Canada 4 Sweden 1
Like a 747 jumbo jet, Team Canada cruised through the Hlinka Gretzky Cup tournament with a minimum of turbulence.
The Canadians capped the week-long event on Saturday with a 4-1 win over Sweden in the gold medal game viewed by roughly 3,500 fans at the Peavey Mart Centrium.
Canada was undefeated in the eight-team, two-division international under-18 tourney, winning all three preliminary games before downing Finland 4-1 in a Friday semifinal and besting the Swedes by the same score in the final.
As Yoda from Star Wars fame might say, a dominant performance it was.
“This is the greatest experience of my life,” said Red Deer Rebels forward Kalan Lind, who had a solid tournament and was part of Team Canada’s penalty kill.
“I’m out of words. I can’t describe right now what I’m feeling. I think it’s every kid’s childhood dream when they play hockey to represent their country. To watch all those world juniors and then the U18 championships, when you finally make a team it’s surreal.”
Tanner Howe (Regina, WHL) opened the scoring 5:49 into the game when his offering from the side of the net glanced off the stick of Swedish forward Lucas Kling and up and over the shoulder of goaltender Noah Erliden.
The Swedes pulled even six minutes later when Hugo Pettersson criss-crossed over the Canada blueline and beat goaltender Scott Ratzlaff (Seattle, WHL) high to the blocker side.
That was it for Sweden, however, as the Canadians got some outstanding penalty killing and goaltending from Ratzlaff the rest of the way, and never really allowed their opponents to gain any sustained zone time or puck possession.
“When they created this team, that’s what they wanted, for us to swarm pucks as hard as we could,” said Lind. “We bought in as soon as we made the team. Whenever Sweden had the puck it seemed like we were on them all night.”
Ethan Gauthier (Sherbrooke, QMJHL), on the power play, scored the eventual winner at 14:15 of the opening frame with a quick release from between the circles.
Calum Ritchie (Oshawa, OHL) made it 3-1 early in the second period and Canada was on the brink of opening a three-goal lead when Colby Barlow (Owen Sound, OHL) was denied by Erliden — who had robbed Ritchie on a breakaway earlier in the frame — on a partial break.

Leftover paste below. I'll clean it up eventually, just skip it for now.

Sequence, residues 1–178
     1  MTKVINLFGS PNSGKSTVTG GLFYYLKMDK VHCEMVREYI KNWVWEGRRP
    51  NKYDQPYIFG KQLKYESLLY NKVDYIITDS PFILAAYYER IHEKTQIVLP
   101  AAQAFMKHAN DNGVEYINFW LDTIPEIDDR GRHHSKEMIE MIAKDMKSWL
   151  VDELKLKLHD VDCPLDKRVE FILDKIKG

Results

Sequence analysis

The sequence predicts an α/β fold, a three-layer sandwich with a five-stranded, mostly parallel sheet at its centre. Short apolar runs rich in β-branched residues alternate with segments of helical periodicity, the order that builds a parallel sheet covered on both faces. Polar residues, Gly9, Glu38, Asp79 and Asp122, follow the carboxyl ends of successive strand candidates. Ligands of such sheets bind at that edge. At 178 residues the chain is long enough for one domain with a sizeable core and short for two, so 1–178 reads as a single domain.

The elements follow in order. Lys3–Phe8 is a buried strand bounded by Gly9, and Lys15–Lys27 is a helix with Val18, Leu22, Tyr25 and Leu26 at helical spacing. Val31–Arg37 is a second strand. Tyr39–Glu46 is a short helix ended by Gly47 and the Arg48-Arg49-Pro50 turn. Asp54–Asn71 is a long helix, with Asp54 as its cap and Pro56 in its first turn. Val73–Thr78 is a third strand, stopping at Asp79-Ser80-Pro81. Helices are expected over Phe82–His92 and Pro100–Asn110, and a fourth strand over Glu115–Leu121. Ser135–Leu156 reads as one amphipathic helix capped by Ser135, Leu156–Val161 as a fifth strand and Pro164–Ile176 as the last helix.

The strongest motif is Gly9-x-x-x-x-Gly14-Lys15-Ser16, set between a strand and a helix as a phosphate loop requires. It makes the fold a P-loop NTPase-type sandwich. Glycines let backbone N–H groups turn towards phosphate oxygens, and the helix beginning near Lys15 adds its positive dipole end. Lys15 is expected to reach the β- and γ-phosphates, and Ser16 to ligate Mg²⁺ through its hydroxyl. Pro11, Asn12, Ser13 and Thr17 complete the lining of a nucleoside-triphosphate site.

Brayden Yager (Moose Jaw, WHL) pretty much sealed the deal with just over four minutes remaining in the game, beating Erliden with a quick release following a feed from linemate Zach Benson (Winnipeg, WHL), who created a turnover behind the Sweden net.
“It’s an unbelievable feeling to get the chance to represent your country and obviously winning is the end all for us,” said Yager. “It’s such an honour and we’re so proud.
“Everyone just pulled on the same rope. Even with the penalties we took, we had each other’s backs and we got the job done. All four lines had an impact every game. It was unreal.”
Lind was in full agreement with his former midget AAA Saskatoon Contacts linemate.
“Everyone just buying into their own role, figuring out what they have to do for this team to be successful, and I think every person up and down the roster did that,” he said. “We bought into it and came out with the win.”
Perhaps Canada’s most valuable player through the tournament was Ratzlaff, who stopped 83 of the 85 shots he faced overall and finished with unheard of numbers — a 0.50 goal-against average and a .976 save percentage with two shutouts.
While Erliden was excellent for Sweden while making 32 saves, several of the 25 stops by Ratzlaff were of the similar outstanding variety.
“It was team first from the start,” said the Canadian stopper. “Our GM Peter Anholt put quite the team together that didn’t put anyone first. He really put together a team that sacrificed for everyone around the room.”
Winning an international title — considered by many to be the real world U18 championship — in front of many Rebels fans was something special for Lind.
“It’s my hometown right now, Red Deer is my life right now,” he said. “Winning in front of all these hometown fans is so cool.
“I’m going to remember this for the rest of my life. This is one of the greatest groups of guys I’ve ever played with. Even though it was a short time they’re going to be my brothers forever.”
With the start of Rebels training camp just a little over three weeks away, Lind will go in on a high and with momentum on his side.
“Some of the guys (Rebels teammates) have contacted me already so it’s been pretty cool,” he said. “A couple guys texted me this morning and said go win for Canada. And then when I go back to the room now I expect there will be more texts from some of them.”
Canada was one-for-four on the power play and four-for-four on the penalty kill.
“Three weeks ago we put this roster together and I felt right away this was a tight group,” said Team Canada head coach Stephane Julien (Shawinigan, QMJHL). “It’s not easy when you have this much talent, but everyone accepted their role and I’m so happy for them.”
Canada finished with four of the top five scorers as Ritchie led with 10 points (6-4), followed by Yager (5-4-9), Gauthier (6-1-7) and Benson (2-5-7).
“This is an unbelievable group of guys,” said Gauthier. “We came to play today and all week long. We had one goal all along, that was to win, and this feels amazing. The atmosphere was amazing, these fans, this country . . . this was a great experience.”
Finland 3 Czechia 1
Earlier in the day, Finland got an empty-net goal from Jesse Kiiskinen to seal a win over Czechia in the bronze medal game.
Aron Kiviharju and Artu Alasiurua also scored for the Finns, while Czechia’s lone goal came off the stick of Eduard Sale.
Eemil Vinni made 21 saves for Finland, one fewer than Michael Hrabal at the other end.